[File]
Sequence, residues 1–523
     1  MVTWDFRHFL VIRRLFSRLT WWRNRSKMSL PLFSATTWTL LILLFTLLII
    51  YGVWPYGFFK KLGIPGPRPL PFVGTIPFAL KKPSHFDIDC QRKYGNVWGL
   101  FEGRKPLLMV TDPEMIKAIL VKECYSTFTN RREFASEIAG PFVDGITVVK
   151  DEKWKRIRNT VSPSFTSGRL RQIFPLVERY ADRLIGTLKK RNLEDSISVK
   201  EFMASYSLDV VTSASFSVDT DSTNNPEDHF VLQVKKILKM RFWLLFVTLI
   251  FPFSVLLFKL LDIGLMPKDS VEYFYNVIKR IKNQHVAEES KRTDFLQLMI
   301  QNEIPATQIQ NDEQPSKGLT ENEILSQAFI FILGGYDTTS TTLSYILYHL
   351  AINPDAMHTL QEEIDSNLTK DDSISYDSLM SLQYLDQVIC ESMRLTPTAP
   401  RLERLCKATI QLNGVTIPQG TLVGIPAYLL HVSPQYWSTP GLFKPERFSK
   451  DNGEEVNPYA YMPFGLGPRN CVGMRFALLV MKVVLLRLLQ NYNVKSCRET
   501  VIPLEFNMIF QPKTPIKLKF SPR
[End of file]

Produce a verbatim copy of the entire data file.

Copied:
Sequence, residues 1–523
     1  MVTWDFRHFL VIRRLFSRLT WWRNRSKMSL PLFSATTWTL LILLFTLLII
    51  YGVWPYGFFK KLGIPGPRPL PFVGTIPFAL KKPSHFDIDC QRKYGNVWGL
   101  FEGRKPLLMV TDPEMIKAIL VKECYSTFTN RREFASEIAG PFVDGITVVK
   151  DEKWKRIRNT VSPSFTSGRL RQIFPLVERY ADRLIGTLKK RNLEDSISVK
   201  EFMASYSLDV VTSASFSVDT DSTNNPEDHF VLQVKKILKM RFWLLFVTLI
   251  FPFSVLLFKL LDIGLMPKDS VEYFYNVIKR IKNQHVAEES KRTDFLQLMI
   301  QNEIPATQIQ NDEQPSKGLT ENEILSQAFI FILGGYDTTS TTLSYILYHL
   351  AINPDAMHTL QEEIDSNLTK DDSISYDSLM SLQYLDQVIC ESMRLTPTAP
   401  RLERLCKATI QLNGVTIPQG TLVGIPAYLL HVSPQYWSTP GLFKPERFSK
   451  DNGEEVNPYA YMPFGLGPRN CVGMRFALLV MKVVLLRLLQ NYNVKSCRET
   501  VIPLEFNMIF QPKTPIKLKF SPR